Doug McAbee
Cloud Mother
August 19, 2016

The Earth’s waters are primeval. The water that now fills our oceans and our bodies and animates our environment is the same water that provided a home to the first forms of life four billion years ago.

Water is everywhere. It gets around like nothing else on earth. Rain falls from the clouds, gathers in streams and rivers. It freezes in snow, and writes ancient history into glaciers and polar ice fields. It irrigates fields, and hides out in dense forests and underground soils. Its inevitable liquid destination is the vastness of oceans—but there it churns, evaporates and rises to sail through the skies in an infinite variety of cloud forms.

The water cycle is what keeps life on earth—the Biosphere—in sustainable balance. Like other greenhouse gases, water vapor holds the sun’s warmth close to the earth’s surface; the oceans are vast thermostats. Water, in the quality of its short-term presence or absence, expresses itself as weather.

Water’s long-term maintenance of climatic equilibrium over time is a fundamental measure of the health of our environment. As atmospheric levels of carbon dioxide rise, the water cycle is stressed in various ways. Warming water expands our oceans, as does runoff from melting land ice. Warming oceans and skies will also create conditions for extreme weather shifts—more intense rains in some areas, increased drought in others. These changes pose an undiminishable threat to our way of life: to the economic and food security of millions of people; to the health of many species communities; and to our ability to ensure a stable future for our children and grandchildren.

Our waters themselves are eternal—they were here millions of years before us and will be here millions of years after. At this moment, however, human civilization is placing profound stress on a climactic equilibrium established across millennia. Our generation is the first to fully appreciate the magnitude of this challenge. How will we respond? We must avoid becoming fatigued by the question.

Cloud Mother, a sound installation appearing Aug. 20-21 as part of Seattle’s Arts in Nature Festival, offers a poetic and personal contemplation of this life-sustaining water cycle by imagining the sky as a great nursery. Here, dense, fecund cumulonimbus clouds give birth to sweet baby drops of rain—setting our entire cycle of life in motion again and again.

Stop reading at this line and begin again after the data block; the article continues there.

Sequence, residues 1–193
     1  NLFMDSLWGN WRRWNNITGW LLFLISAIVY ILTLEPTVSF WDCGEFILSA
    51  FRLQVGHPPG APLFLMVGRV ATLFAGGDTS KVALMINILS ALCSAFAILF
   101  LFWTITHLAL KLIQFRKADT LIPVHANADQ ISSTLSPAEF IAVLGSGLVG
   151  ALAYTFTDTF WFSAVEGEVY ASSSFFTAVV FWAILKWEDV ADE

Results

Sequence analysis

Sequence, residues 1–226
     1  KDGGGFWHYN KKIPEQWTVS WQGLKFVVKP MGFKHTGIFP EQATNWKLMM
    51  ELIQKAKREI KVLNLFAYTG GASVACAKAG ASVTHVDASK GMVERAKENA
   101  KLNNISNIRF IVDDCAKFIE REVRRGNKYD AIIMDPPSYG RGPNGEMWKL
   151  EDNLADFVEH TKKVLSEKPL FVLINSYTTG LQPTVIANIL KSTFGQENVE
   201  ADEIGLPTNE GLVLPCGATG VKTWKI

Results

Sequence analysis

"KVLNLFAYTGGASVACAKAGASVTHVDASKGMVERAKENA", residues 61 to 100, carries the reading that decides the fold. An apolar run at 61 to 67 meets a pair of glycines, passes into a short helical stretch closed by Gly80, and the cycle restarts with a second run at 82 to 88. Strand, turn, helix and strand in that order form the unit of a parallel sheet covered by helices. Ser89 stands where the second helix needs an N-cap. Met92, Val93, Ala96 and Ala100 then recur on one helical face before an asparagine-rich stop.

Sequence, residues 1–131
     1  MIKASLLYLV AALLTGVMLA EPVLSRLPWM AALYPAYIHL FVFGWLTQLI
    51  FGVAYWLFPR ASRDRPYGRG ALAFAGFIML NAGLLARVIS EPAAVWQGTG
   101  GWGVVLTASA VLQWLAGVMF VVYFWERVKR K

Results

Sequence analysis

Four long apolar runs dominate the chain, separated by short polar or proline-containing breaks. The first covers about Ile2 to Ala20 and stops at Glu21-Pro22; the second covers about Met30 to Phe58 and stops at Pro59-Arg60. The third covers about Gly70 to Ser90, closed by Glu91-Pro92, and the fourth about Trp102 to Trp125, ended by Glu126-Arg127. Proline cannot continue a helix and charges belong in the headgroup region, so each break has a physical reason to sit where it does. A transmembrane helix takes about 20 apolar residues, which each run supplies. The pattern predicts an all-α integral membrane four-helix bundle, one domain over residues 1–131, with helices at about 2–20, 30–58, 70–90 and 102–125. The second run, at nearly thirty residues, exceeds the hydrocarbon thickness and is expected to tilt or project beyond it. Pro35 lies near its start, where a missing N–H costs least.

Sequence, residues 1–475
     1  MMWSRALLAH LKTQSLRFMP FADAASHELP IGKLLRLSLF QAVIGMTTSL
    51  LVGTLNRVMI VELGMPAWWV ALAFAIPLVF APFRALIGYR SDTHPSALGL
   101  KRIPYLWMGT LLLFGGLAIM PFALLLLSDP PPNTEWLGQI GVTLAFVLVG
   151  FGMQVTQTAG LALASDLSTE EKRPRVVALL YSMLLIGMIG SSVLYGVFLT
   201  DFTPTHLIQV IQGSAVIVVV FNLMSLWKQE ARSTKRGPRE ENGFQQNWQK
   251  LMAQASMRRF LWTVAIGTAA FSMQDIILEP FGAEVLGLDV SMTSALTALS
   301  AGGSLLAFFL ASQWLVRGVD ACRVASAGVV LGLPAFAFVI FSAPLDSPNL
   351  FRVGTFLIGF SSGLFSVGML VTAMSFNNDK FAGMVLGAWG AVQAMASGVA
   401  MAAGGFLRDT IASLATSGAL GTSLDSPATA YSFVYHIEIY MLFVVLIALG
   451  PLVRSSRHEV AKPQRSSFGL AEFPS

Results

Entering the installation space, visitors will find themselves in the center of one such cloud. Listening closely, one may hear the fragile sounds of tiny raindrops popping into being… and the many voices of the cloud mother herself, embracing these newborns for a sweet moment before they drizzle downward together, each tiny face a prismatic reflection of the entire world.

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Author Bio

Jonathan Lawson

Digital Communications Manager, Climate Solutions

As Digital Communications Manager, Jonathan uses online tools to extend the reach of Climate Solutions programs, and to expand the community of people and organizations working together for clean energy and sustainable climate policies. He serves as managing editor of, and oversees our email list communications and social media.

Before joining Climate Solutions in 2014, Jonathan served as Executive Director of the communications rights organization Reclaim the Media, where he played a catalytic role in fueling the growth of a national movement focused on media justice and democratizing media and communications policy. He also spent more than eight years providing communications strategy, digital communications and design to statewide labor organizations including SEIU and WFSE/AFSCME, writing op-eds by day and designing giant puppets by night.

A past board member of the Washington News Council and of Seattle Improvised Music, he is also a veteran of the Independent Media Center movement, and has worked in community radio since 1986; for 19 years he produced the weekly creative music program Flotation Device on KBCS. His articles on media and communications issues have appeared in numerous northwest and national publications. Jonathan holds a masters degree in Theological Studies from Harvard University.

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